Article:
In January 2012, former megachurch pastor Mark Driscoll’s book Real Marriage went to the top spot on the Hardcover Advice section of The New York Times best-seller list. In March 2014, it was disclosed by evangelical magazine, World, that Driscoll’s publishing success was aided by a consulting firm called ResultSource, which purchased books on behalf of Driscoll in a coordinated effort to spike sales and give the impression that the book was popular with thousands of book buyers. Driscoll recently resigned from his church and one factor associated with his departure is the decision to buy his way onto the best-seller list.

Warren Throckmorton, “How the Religious Right Scams Its Way Onto the New York Times Bestseller List” at Daily Beast

As Brent Underwood warns at the Observer, the term “bestseller” today is like “when you see a food described as ‘natural. The FDA doesn’t actually regulate that term, so it’s basically meaningless.”

It’s never been easier to publish a book than it is today—and to market it through a tidal wave of channels in our highly connected society. Some questions I often put to writers’ seminars loom more urgent than ever:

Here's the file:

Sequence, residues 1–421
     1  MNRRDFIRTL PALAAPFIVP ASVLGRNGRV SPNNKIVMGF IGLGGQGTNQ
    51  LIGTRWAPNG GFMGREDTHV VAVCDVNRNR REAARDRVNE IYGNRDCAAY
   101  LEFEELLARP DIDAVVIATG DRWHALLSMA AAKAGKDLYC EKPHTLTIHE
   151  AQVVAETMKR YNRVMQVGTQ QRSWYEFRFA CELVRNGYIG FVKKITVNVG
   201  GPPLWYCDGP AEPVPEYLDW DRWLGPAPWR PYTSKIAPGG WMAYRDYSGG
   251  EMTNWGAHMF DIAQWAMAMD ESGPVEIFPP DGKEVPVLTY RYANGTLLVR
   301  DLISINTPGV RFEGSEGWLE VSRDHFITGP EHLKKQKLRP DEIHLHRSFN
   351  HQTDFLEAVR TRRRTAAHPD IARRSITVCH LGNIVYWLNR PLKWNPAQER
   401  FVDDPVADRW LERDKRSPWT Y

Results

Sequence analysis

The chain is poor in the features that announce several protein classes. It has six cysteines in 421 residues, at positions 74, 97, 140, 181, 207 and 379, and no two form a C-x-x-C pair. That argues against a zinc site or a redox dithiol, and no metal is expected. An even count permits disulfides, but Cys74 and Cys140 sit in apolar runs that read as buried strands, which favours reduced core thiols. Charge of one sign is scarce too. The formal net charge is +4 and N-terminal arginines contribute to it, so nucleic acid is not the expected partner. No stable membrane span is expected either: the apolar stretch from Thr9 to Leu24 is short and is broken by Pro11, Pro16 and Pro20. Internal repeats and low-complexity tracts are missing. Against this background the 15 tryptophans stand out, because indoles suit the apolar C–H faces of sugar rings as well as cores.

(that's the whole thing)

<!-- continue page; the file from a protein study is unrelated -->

• Who is your intended audience?
  • Aren’t you the person who knows best how to reach them?
  • If not, shouldn’t you become that person before you try to publish the book?
  • Once you are that person, won’t you be much better able to judge what promotional activities will work best?
  • In a world of channels, which lists of books will really help you reach that particular audience?

The decline in the importance of coastal media could signal a decline in the importance of their Top Ten and Bestseller lists. But there is never a decline in the importance of knowing how to reach the people we need to communicate with.

See also: AI is not a simple fix for plagiarism. The internet speeded up a perennial problem without changing it

and

If thoughts were data, machines could write The fact that creativity does not follow computational rules may well be a ceiling for machine writing and it is not made of glass.


Denyse O'Leary

Denyse O'Leary is a freelance journalist based in Toronto, Canada. Specializing in faith and science issues, she has published two books on the topic: Faith@Science and By Design or by Chance? She has written for publications such as The Toronto Star, The Globe & Mail, and Canadian Living. She is co-author, with neuroscientist Mario Beauregard, of The Spiritual Brain: A Neuroscientist'€™s Case for the Existence of the Soul. She received her degree in honors English language and literature.

Can Big Data Game Bestseller Lists?